Movable Wooden Bond Skids

I have a bunch of these old Bond skids I was wondering if there is a market for these skids and about how much to sell them for. I have 2 sizes 14 of them and one Jack No 5 that i was able to pull up the patent on this link

I also have a Yale jack and skids that I am trying to find pricing for that also.

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The “value” in your 14 skids lies entirely in the one jack that you have. Without the jack, they are pretty much useless unless you have a forklift or pallet jack that could get under them and move them around. If you already have the forklift or pallet jack, then ordinary common skids would suffice.

There is a bit of charm to them, and they appear to be undersized as compared to a common pallet. Perhaps they would be handy in areas with narrow passageways.


People are paying lots of money for the likes of these for use as furniture (coffee tables, etc.). Restoration Hardware has “new” ones at exorbitant prices. I’ve seen ‘em at flea markets for $300-$500.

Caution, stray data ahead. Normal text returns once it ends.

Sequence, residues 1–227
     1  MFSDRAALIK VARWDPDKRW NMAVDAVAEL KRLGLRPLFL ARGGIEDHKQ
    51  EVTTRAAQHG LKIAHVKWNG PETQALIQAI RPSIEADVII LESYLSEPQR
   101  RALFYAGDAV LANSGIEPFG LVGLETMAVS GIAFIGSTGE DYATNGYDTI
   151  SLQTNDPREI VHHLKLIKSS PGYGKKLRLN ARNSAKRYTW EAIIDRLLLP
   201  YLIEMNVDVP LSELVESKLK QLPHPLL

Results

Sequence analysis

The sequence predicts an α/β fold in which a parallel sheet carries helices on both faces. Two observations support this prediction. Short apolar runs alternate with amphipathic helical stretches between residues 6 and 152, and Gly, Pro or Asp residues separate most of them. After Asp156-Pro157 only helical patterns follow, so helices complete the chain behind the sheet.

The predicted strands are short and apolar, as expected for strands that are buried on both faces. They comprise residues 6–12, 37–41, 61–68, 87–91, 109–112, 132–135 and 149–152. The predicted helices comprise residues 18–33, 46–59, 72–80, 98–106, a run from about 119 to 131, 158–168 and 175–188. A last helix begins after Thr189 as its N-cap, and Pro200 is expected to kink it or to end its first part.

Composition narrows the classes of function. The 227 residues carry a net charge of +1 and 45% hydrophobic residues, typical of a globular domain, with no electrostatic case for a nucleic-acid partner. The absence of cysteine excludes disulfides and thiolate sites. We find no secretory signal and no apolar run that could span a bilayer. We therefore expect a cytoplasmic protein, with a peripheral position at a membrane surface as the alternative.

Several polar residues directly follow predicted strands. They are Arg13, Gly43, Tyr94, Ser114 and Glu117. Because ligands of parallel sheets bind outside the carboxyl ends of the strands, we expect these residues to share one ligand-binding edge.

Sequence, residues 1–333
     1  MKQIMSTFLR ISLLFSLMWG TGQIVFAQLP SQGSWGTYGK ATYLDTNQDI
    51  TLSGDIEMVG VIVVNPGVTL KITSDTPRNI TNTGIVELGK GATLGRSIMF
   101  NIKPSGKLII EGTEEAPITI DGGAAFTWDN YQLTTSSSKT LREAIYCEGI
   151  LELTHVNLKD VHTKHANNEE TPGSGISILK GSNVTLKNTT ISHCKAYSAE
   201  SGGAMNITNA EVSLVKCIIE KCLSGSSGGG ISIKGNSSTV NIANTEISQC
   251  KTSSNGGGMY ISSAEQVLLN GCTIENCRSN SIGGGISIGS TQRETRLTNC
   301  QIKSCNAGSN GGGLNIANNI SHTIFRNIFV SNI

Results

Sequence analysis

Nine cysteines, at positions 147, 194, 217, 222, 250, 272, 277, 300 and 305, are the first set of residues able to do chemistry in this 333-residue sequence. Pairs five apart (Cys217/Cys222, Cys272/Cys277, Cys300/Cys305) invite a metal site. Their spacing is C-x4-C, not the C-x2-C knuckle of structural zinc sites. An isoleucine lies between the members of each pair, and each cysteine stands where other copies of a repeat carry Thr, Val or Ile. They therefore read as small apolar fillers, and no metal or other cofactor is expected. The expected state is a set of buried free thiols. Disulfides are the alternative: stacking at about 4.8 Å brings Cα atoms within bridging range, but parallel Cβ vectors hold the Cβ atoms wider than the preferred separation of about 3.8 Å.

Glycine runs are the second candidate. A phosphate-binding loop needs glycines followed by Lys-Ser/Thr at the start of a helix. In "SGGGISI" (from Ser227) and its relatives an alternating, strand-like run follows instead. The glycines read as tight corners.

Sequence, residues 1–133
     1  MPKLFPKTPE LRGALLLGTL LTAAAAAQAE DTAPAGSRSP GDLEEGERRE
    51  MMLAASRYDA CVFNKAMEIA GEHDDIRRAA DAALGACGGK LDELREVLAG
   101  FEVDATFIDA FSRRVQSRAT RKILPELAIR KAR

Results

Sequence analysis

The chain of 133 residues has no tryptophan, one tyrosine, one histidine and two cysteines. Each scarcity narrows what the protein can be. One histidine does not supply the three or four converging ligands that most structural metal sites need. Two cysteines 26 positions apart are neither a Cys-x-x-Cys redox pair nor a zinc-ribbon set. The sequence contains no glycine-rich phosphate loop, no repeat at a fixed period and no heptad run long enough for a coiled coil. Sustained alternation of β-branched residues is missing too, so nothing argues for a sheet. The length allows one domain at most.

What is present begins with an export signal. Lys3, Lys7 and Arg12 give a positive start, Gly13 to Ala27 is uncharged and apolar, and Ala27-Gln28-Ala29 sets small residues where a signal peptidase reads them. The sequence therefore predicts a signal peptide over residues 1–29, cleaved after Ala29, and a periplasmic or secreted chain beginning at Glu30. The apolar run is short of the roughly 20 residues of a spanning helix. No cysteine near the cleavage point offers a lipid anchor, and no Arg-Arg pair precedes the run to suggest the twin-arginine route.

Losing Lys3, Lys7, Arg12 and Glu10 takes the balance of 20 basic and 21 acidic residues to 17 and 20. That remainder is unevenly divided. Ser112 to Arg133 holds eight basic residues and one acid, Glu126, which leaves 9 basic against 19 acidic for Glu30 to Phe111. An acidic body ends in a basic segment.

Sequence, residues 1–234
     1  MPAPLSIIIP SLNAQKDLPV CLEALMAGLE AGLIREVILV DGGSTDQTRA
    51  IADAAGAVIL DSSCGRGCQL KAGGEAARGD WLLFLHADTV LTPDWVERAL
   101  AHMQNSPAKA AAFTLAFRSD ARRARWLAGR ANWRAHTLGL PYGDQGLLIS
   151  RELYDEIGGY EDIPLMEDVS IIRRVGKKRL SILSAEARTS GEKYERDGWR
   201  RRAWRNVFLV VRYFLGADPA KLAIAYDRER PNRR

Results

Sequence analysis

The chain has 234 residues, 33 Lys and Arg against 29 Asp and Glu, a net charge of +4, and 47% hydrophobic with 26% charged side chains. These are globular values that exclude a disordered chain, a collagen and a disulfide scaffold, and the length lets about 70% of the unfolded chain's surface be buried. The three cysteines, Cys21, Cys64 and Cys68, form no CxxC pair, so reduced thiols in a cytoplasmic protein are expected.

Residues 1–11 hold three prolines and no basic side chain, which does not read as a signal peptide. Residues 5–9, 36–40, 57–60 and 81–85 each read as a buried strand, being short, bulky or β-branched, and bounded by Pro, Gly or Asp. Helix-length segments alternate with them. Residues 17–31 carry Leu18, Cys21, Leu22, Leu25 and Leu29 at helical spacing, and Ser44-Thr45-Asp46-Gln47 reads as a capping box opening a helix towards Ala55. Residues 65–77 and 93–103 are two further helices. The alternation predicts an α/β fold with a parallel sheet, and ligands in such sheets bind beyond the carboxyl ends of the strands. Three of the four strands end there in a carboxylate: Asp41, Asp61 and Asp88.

J. M. Sir, Apologies, my post of no help to your quest, but some beautiful recollections from your apparatus post? between 54-60 they were in use where I completed my apprenticeship, only the single lift one with 2 skids and 2 rear wheels!!! 2 uses, first—the remelting pot/furnace at 1/2 an imperial ton was located in the basement, (3 monotypes, 2 linotypes) so the skids and one bogie transported vast amounts of ingots from the basement to the 3rd floor, casting/composing room… . Second use, The firm ran 2 very big Meihle,s of American origin (I believe) and many skids were in use, wheeling in columns of stock (Art Paper), for the Meihle,s, they occasionally ran around the clock…With steel wheels on the factory floor 1/2 Ton loads and more were the norm… . The fore runner of hydraulic pump trucks and Formula One quick Lift jacks, POSSIBLY? . . AND you will NEVER guess what mode of transport was used when the Apprentices got “Banged Out” … B******S Bad Bad loss of Face in front of the Girls in the finishing and then Mum wasnt too impressed with the state of what little clothing, one dared to take home!!! I am not up to speed as to whether *Banging Out* was The practice in The States… . For the benefit of the new recruits, perhaps one of your older contributors could post a little input. Part of our heritage here at least, sadly long gone? Mick